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New European Bauhaus start-up inoqo: "You should be able to know where the ingredients in your products come from"

In this second episode, we meet Laura Marx, Research & Funding Specialist and Luise Lehfeldt Business & Partnership Development Specialists, from the Austrian startup inoqo. Together with Norbite (SW), Nabo Farm (DK) and Crafting Future (GE), inoqo is part of the first cohort of the New European Bauhaus Booster program.

16 Nov 2022
4 min reading time

Aesthetics, sustainability, circularity, and inclusiveness are the building blocks to deliver the European Green Deal and make our cities more sustainable with higher social values. The EIT Community, led by EIT Food, uses these values within the New European Bauhaus (NEB) mission, to address urban food systems challenges. Through its Booster program, it supports selected startups that match the NEB Values to bring their ideas to new markets and scale them up.

In this second episode, we meet Laura Marx, Research & Funding Specialist and Luise Lehfeldt Business & Partnership Development Specialists, from the Austrian startup inoqo. Together with Norbite (SW), Nabo Farm (DK) and Crafting Future (GE), inoqo is part of the first cohort of the New European Bauhaus Booster program.  

Can you tell us a bit more about INOQO?

“inoqo is a leading sustainability platform helping retailers and F&B brands to assess, optimize and communicate the social environmental impact of their products,” explain Laura Marx and Luise Lehfeldt. “Our ultimate mission is to help millions of consumers to make environmentally and socially conscious choices through clear product labeling and by showcasing impact transparency,” they continue.

“We also provide engagement solutions for retailers such as a consumer app. The aim of the app is to engage users by providing sustainable alternatives to choose from and take them on a nudging journey by providing recipes for their shopping and help them to transition step by step to a healthier and more sustainable diet.”

"We make the retailers and the customers work together [...] If these two align, we believe we can achieve a lot"

- Laura Marx, Research & Funding Specialist, inoqo

How is INOQO an inclusive business?

“We value collaboration and cocreation to achieve a bigger goal. From this point of view, we make the retailers and the customers work together. On one hand, we want to achieve the retailers and the brand’s transition to more sustainable production methods and products, and on the other hand, we want to make consumers more aware of what's inside their product."

"If these two align, we believe we can achieve a lot,” they state enthusiastically. “Furthermore, we encourage the competition between brands to produce more sustainably. Thankfully, both brands and retailers are becoming more and more aware that they really have to change their products and their production processes.”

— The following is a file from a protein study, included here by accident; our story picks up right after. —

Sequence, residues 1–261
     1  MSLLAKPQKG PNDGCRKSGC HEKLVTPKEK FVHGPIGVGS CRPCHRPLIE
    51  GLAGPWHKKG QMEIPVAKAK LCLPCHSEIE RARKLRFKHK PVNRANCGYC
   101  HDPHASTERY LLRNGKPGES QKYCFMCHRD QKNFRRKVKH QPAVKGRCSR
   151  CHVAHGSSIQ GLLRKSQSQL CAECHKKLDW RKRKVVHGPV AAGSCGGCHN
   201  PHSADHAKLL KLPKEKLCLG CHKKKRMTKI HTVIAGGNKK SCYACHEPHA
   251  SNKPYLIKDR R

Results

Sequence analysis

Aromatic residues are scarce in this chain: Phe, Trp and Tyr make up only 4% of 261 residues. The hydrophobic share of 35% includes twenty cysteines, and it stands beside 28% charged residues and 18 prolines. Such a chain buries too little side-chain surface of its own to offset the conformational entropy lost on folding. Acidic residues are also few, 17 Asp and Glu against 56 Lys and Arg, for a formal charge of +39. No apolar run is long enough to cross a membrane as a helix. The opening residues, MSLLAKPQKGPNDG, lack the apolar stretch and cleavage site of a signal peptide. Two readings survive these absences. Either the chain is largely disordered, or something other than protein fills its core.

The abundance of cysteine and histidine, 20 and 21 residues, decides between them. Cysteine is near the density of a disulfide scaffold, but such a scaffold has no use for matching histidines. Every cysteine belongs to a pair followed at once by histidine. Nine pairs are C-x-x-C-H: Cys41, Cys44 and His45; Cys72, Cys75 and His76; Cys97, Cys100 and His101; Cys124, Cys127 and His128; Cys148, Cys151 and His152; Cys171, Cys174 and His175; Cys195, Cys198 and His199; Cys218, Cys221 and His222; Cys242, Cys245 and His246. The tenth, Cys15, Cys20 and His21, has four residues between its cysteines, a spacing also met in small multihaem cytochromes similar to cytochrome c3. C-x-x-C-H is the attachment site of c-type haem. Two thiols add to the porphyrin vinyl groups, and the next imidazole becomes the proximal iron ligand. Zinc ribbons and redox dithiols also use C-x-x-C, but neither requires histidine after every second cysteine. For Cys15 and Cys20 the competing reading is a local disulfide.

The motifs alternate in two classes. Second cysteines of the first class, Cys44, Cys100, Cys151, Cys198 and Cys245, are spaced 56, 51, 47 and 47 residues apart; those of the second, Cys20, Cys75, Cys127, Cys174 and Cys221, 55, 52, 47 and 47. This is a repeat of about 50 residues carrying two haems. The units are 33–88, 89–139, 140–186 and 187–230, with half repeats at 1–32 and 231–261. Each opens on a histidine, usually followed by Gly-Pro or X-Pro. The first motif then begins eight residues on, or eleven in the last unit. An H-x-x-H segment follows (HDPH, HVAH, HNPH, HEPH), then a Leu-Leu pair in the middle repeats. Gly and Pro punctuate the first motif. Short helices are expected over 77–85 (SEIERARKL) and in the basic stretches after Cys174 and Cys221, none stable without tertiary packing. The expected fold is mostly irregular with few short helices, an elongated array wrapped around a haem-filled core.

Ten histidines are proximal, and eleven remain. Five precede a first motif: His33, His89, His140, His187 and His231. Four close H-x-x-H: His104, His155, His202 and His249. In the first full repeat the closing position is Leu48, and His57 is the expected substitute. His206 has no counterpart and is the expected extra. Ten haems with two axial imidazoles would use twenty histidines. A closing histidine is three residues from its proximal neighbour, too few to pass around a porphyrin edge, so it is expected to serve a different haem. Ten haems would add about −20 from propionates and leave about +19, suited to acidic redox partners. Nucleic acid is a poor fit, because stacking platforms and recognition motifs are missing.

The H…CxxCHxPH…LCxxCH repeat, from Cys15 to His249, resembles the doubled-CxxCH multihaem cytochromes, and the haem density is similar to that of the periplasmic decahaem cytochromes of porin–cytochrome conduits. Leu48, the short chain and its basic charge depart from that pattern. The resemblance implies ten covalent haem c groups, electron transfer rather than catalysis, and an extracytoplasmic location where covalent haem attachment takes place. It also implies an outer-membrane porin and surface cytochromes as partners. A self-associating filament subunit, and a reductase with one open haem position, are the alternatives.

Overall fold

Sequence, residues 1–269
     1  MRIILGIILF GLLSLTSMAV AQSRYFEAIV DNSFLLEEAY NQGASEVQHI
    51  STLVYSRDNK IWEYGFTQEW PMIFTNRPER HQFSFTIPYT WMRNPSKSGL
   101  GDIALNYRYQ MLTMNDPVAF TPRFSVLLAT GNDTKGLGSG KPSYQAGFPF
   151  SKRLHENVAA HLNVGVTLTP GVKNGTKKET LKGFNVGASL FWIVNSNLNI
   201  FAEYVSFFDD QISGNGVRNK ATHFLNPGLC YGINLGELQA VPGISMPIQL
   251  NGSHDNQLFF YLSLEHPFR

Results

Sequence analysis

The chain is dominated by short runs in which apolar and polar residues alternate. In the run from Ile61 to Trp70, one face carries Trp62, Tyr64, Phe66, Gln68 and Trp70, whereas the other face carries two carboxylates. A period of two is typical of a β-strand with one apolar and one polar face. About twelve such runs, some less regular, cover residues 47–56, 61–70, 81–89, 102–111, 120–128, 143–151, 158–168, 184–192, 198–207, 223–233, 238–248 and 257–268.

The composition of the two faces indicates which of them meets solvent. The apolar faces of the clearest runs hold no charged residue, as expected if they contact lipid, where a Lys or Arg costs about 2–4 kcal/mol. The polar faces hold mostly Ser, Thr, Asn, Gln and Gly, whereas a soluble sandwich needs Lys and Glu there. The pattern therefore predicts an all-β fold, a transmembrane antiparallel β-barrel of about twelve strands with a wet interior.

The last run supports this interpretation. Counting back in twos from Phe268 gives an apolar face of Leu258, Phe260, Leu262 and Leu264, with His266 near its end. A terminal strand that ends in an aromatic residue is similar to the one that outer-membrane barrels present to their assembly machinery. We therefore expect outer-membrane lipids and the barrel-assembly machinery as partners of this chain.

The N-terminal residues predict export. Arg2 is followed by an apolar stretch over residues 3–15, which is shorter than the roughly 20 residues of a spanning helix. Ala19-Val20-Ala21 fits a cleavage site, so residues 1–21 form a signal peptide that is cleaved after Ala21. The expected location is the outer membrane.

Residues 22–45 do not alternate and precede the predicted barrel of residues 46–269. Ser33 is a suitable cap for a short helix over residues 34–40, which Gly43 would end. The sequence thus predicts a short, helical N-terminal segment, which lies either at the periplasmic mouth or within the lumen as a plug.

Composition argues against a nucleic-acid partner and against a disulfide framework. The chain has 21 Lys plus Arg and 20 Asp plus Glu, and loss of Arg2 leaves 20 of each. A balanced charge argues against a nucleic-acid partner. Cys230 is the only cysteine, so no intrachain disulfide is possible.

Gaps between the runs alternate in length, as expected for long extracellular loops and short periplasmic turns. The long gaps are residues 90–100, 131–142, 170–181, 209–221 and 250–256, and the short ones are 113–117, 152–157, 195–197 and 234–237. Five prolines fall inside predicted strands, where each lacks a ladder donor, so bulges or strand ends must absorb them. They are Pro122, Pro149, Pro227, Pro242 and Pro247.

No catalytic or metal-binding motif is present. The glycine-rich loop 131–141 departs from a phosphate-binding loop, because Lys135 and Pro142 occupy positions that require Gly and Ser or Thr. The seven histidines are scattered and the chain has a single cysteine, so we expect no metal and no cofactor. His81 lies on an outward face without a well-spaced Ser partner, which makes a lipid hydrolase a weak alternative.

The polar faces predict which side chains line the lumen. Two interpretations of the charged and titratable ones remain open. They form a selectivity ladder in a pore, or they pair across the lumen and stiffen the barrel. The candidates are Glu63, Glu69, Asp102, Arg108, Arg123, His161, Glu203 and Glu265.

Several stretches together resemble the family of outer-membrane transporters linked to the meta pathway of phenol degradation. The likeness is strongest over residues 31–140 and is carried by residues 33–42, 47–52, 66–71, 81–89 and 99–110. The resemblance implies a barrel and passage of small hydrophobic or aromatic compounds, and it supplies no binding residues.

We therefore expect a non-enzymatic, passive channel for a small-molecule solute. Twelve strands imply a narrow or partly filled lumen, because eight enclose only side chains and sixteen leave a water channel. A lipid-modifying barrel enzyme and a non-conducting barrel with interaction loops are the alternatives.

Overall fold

“The biggest challenge is for retailers to implement our climate labels. When they realize that 70% of their assortment is on the unsustainable side, it’s both a big step and a big barrier"

- Luise Lehfeldt Business & Partnership Development Specialist, inoqo

Can you identify some challenges you faced and how you solved them?

“The biggest challenge is for retailers to implement our climate labels. When they realize that 70% of their assortment is on the unsustainable side, it’s both a big step and a big barrier for them to display that 70% of their products as not that good,” they explain. “It’s not just about the reaction of consumers but mostly the challenge they might face with suppliers.”

“It takes a lot of convincing and facilitating difficult conversations from our end to help them understand that sharing this information is still the solution,” they admit. “But on the sunny side, we see that more and more retailers are willing to take that step which will ultimately cause a ripple effect among producers and suppliers. At the same time, we received feedback that the data on the climate labels is not enough. Consumers may be triggered once or twice, but then they get used to it and choose the cheaper product regardless.”

"We hope we can support the transition towards more sustainability in the value chain as you should really be able to know where the products and the ingredients of the products come from"

- Luise Lehfeldt Business & Partnership Development Specialist, inoqo

“Another big challenge we face internally is the lack of transparency in the value chain when we have to calculate the CO2 footprints of product. As a consequence, not all our calculations are as detailed and exact as we would like them to be because we lack essential background information due to the absence of regulations and policies”, they state. “It’s important that this changes and we hope that we can support the transition towards more sustainability in the value chain as you should really be able to know where the products and the ingredients of the products come from.”

What are your expectations of the NEB Booster Program?

“We definitely hope to tap into your extensive partner network of retailers as we believe it could help us expand our solution faster to other countries in Europe,” they agree unanimously. “We also hope to learn from your expertise with startups to help us define the best way to increase the impact we can make with our solution.”


Curious to get to know how the other NEB startups help to create a more sustainable future? Read our summary article or explore our interview series with them.

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